I don’t know…. is it just me or is the name R-ASS kind of worse than [the] BB&T? I mean, how much did they pay someone to come up with this name???
“During the 2016 Council meeting, McKibbon also promised to pay full-time employees a living wage, to make a sizable investment in the city’s affordable housing trust fund and to improve and widen the sidewalks around the building, promises he now says McKibbon Hospitality is keeping or has kept.”
He also promised to use his influence with the TDA to have more of the occupancy tax revenue directed towards city infrastructure most affected by tourism. Did he mention that during the viewing?
And has he ever been asked about this promise? The local media, including MX, have given him a pass on this with their crickets.
I also strongly favor changing the way the occupancy tax is allocated, allowing for Asheville and Buncombe to receive a significant share of the revenue, especially for purposes of maintaining and improving the infrastructure and services most effected by tourism.
If I recall correctly, McKibbon advocated (and I assume still advocates) some kind of more flexible formula that would see local governments’ share of those dollars increased during boom times (like now – when tourist advertising can receive less funding without significantly impacting the industry, and when the impact of tourism on local infrastructure and services is most acute ), and decreased during leaner times (when more advertising may provide the local economy with more stimulus from tourism).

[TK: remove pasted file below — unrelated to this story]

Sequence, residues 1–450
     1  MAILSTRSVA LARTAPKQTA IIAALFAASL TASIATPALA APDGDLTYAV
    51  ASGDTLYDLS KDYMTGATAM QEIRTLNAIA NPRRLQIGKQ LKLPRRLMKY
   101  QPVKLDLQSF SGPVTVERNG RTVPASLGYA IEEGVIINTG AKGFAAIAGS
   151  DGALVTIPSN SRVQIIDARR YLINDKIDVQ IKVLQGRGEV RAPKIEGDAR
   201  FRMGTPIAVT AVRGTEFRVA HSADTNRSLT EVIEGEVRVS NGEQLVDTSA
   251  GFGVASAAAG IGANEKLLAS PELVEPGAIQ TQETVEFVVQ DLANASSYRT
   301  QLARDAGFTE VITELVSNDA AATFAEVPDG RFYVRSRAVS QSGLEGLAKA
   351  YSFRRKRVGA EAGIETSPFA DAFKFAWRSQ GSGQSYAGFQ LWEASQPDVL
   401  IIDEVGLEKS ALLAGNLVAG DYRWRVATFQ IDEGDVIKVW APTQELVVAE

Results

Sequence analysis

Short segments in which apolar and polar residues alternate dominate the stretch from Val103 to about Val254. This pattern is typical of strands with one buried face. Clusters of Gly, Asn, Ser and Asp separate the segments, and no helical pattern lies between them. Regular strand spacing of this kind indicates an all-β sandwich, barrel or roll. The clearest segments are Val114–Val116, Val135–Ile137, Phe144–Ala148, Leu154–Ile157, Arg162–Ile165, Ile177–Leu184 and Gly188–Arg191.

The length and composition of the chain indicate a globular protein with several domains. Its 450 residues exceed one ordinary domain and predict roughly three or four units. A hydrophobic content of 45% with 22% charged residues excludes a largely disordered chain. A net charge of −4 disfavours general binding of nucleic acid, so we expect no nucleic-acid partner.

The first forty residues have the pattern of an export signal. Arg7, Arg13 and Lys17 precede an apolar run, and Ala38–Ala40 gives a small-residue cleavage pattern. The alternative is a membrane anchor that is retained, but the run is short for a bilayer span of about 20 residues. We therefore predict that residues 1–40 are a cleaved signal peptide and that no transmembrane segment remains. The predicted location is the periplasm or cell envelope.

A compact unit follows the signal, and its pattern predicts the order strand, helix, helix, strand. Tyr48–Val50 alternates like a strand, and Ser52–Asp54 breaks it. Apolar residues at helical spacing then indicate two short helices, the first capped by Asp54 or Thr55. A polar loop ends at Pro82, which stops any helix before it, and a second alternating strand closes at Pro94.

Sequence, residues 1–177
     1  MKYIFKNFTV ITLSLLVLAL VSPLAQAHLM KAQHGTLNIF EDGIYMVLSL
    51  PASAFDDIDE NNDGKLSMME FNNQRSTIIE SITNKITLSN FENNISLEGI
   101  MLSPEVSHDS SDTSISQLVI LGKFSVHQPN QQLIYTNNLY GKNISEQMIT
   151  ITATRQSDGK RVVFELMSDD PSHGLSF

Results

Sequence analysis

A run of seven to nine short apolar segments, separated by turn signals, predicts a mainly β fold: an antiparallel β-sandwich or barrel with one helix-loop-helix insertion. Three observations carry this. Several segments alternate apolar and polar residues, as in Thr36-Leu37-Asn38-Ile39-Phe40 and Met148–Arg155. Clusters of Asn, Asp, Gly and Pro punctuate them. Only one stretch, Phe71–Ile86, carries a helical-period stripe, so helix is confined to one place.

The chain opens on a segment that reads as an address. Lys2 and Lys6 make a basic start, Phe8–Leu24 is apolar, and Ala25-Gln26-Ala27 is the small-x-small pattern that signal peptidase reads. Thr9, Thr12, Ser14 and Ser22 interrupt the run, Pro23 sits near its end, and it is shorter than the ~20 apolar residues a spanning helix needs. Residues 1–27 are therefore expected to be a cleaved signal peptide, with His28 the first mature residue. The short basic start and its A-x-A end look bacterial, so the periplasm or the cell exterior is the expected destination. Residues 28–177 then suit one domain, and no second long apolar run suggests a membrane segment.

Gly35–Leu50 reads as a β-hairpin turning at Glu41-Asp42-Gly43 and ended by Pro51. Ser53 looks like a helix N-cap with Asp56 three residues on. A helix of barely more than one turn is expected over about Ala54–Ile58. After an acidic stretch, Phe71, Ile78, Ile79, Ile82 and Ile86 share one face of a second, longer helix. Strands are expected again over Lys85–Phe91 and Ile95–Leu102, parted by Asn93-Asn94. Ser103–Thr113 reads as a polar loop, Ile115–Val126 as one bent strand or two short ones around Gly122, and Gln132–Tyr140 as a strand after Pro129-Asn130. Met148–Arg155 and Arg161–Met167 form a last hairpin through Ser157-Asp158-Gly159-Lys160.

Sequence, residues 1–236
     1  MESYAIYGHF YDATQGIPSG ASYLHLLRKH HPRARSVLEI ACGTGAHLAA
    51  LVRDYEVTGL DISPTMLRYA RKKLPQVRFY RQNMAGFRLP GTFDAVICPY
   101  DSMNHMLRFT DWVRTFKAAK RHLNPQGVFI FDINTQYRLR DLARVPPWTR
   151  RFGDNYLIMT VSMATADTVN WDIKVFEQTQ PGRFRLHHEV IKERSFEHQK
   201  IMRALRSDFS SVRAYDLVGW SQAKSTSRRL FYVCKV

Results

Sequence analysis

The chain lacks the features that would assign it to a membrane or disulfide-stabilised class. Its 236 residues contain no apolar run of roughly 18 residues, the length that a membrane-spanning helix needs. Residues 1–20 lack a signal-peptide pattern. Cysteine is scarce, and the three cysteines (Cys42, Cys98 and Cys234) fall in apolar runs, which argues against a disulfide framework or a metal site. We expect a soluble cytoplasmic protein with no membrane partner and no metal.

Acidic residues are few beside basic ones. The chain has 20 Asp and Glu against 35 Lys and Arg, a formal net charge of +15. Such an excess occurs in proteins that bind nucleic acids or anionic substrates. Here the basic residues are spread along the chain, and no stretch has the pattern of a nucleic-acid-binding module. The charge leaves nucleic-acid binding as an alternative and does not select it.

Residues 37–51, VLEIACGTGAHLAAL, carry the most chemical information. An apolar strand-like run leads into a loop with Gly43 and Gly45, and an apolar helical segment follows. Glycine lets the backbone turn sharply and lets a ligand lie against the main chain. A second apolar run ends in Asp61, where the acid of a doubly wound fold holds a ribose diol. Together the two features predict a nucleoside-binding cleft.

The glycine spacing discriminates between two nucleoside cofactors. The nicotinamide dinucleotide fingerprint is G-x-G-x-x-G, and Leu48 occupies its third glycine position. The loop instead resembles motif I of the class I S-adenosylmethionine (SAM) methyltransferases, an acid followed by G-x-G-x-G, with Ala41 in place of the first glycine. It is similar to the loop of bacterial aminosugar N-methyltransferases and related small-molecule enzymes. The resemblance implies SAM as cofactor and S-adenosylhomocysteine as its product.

Regardless of the specific details of what he has advocated, I do think that it is important to note that this commitment from McKibbon is very different from the others mentioned and delivered upon. As a member of the BCTDA, McKibbon is only one of nine industry members (with 2 ex-officio members from the Asheville and Buncombe governments). While I presume he is an influential member, he ultimately casts the same one vote as everyone else.
Perhaps more important, the tax and many of the most important parameters and restrictions on its collection and use, are established in state law which established the tax in the early 1980s. The BCTDA has no control over that. The point being that this is a policy over which Mr. McKibbon has limited influence, and he does not have the means to unilaterally make changes happen.
In terms of the city and county getting a larger share of revenues collected from tourism, I think we have to focus our primary attention on the state legislature, which could do much more to share a greater portion of both the sales tax (collected separately) and the tourism tax, with Asheville-Buncombe. I understand that politically, given the current make-up of the legislature, achieving that goal seems very unlikely, which only goes to further reinforce the point that McKibbon’s influence over this policy is very limited.
I do not know Mr. McKibbon, and I am not an advocate or apologist for his positions, actions, or inactions. However, I do believe he has been sincere in following through on most or all of the commitments he has made to Asheville, and believe he has very indirect and very limited influence over this particular tax policy.
The response there would be “don’t make promises you don’t have the power to keep.” There’s nothing in the statute to keep the TDA from spending some of the 75% of its net revenues assigned to “advertising and promotion” on non-capital projects within the county. That would be a start.
As we all know, aside from Chuck Edwards’s sliver of South Asheville and Arden, which apparently grants him the right to dictate the voting system of Asheville’s city council from his Hendersonville lair, everywhere in Buncombe is represented by Democrats in the NCGA. Voters can’t really make much difference there. But if Mr McKibbon really wanted to get the NCGA’s current majority on board with changing the statute, I’m sure a few campaign contributions wouldn’t hurt. It’s also worth comparing BCTDA’s current statutory arrangement with what other counties, cities and towns are doing: